As it is imprudent to give personal information to untrusted agents on the web, you may wish to use an alias for this demo. The following National Identity Card has been issued for your use, containing a unique identifier. Alternatively you could use some other identifier which is unique with high likelihood.
United States of America
National Identity Card
This card certifies that
(Fill in name here)
is a citizen of the United States of America.
Unique identifying code:
The product of this form is a script (program) which uses OpenSSL to create your first secret key, and creates a request (PKCS#10 file) that the Registrar of Voters sign the X.509 digital certificate that goes with that key, which proves that whoever can wield that key has the right to receive a ballot in the election.
When the script comes back, save it to a file on disc; do not let your web
open (execute) it. Put it in the same folder (directory) where
you saved the File Signing Script in the previous step.
Once you have saved the script to a file on disc, proceed to the next step, where you execute the script and send in the resulting Certificate Signing Request.
Both Microsoft Internet Explorer® and Netscape® (and its various clones such as Mozilla, Opera and Konqueror) have different procedures to induce the web browser to do what the script does, create a secret key and a Certificate Signing Request, and to automatically send in the CSR. However, there is no provision to sign an arbitrary file such as your ballot, so it's necessary to get the voter to do this using OpenSSL. The procedure to generate the CSR is extremely vendor-dependent and extremely poorly documented, plus it is completely impossible for a security-conscious user to audit what is happening. Thus, I have chosen to do the whole process via OpenSSL.
Registration is the point where cheating is easiest, both in the conventional manual system and in this internet-based one. There are four types of cheating: false naming, graveyard voting, identity theft, and multiple registration.
The cheater makes up a totally
fictitious identity. In the manual system he can then
identity's right to vote by making a manual signature under penalty of perjury.
The Registrar of Voters rarely checks if the voter exists until an election
is disputed, and then it is very laborious to do the checking manually.
Falsely named voters are common in elections.
With InetVote, the cheater has to actually construct a complete false identity by obtaining a name credential (typically a drivers license) plus an adequate pattern of residence credentials which have to be rented or paid for. A forged drivers license will not do; the Department of Motor Vehicles has to actually tell the Registrar of Voters that the drivers license is valid. The accounts used as residence credentials have to be maintained from the time of registration until after any disputes are resolved, since the Registrar of Voters can, and probably will, check them repeatedly. This can be done for one or two identities but is prohibitively time-consuming and expensive in the quantities necessary to influence an election.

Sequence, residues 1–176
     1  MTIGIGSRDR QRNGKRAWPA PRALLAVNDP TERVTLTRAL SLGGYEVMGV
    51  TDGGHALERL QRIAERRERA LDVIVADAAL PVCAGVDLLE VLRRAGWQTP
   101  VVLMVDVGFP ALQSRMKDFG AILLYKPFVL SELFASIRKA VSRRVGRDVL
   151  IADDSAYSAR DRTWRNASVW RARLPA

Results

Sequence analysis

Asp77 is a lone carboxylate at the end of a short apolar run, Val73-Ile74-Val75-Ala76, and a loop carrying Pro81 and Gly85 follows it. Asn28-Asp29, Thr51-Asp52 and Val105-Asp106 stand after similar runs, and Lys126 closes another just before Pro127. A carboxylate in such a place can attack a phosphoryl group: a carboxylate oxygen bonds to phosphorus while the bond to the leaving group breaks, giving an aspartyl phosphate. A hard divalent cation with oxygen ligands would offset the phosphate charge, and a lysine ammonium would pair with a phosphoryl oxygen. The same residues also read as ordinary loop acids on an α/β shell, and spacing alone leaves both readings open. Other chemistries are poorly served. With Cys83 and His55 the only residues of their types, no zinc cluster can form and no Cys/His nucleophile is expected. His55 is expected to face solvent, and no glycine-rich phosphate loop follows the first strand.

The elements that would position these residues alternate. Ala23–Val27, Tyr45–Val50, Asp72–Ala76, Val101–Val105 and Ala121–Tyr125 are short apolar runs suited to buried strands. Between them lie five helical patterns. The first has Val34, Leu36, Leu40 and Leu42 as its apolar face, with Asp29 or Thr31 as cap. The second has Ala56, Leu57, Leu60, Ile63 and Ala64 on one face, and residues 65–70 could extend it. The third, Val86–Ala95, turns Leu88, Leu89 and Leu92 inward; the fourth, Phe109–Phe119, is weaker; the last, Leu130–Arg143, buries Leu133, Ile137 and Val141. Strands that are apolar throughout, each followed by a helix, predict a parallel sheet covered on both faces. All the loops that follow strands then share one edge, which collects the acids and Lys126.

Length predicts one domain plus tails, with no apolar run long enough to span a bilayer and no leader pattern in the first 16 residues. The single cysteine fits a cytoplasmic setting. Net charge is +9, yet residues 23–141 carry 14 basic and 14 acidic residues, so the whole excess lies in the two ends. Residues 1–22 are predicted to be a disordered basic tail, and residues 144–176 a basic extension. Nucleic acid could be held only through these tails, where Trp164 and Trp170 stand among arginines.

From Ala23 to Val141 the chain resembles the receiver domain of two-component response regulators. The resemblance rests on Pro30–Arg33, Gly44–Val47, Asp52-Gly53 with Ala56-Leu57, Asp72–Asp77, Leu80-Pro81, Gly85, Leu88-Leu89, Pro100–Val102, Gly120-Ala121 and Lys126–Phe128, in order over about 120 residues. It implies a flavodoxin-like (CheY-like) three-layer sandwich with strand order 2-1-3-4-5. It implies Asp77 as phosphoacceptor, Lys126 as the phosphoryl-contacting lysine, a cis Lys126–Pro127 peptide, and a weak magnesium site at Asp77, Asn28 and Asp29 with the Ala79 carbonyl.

The cheater locates an identity who is currently registered but whose qualification has lapsed, typically by being deceased, but also by moving out of the district. In the manual system the cheater need not re-register the victim; he can simply forge the person's signature to receive a ballot. If the cheater supports the dominant party, in some jurisdictions scrutiny of the signatures will not be too energetic.
With InetVote, the cheater will not have access to the decedent's secret key, and therefore will need to break the decedent's registration and then re-register him, converting the issue to identity theft. Unfortunately, a claim that the secret key was lost is all too plausible.
In the legal system, a manual signature under
penalty of perjury is considered to be
proof, and the cheater can easily
subvert this low standard to insert his own forgery as the signature of an
existing person. The less likely the victim is to vote (e.g. if deceased), the
less likely that the fraud will be discovered when the
same person tries
to vote twice.
With InetVote, the cheater needs to know the document or account numbers of the victim's name and residence credentials. With modern privacy laws this information is not available in bulk, though the low standards for its stewardship make identity theft reasonably possible.
A person should vote only in the jurisdiction of his principal residence. However, he may be registered in multiple places and may cheat by voting in all of them. In the manual system it is practically impossible to detect multiple registration.
With InetVote, the name and residence credentials must be valid and up to
date in all the jurisdictions, which is difficult unless the cheater actually
resides in each one simultaneously, e.g. owns a ranch in Ventura county and a
beach house in San Diego county. Then, the question becomes which one is the
principal residence. Maintaining multiple residences is expensive. For
a cheater of ordinary means, who is simply lying about residing in the
jurisdiction, this issue degenerates into the false naming case, except that
the cheater's name credential(s) may truly be valid in all the jurisdictions.
The list of registered voters is public record. If there were a statewide or nationwide information exchange where all such lists were merged, multiple registration would be much harder to perpretrate.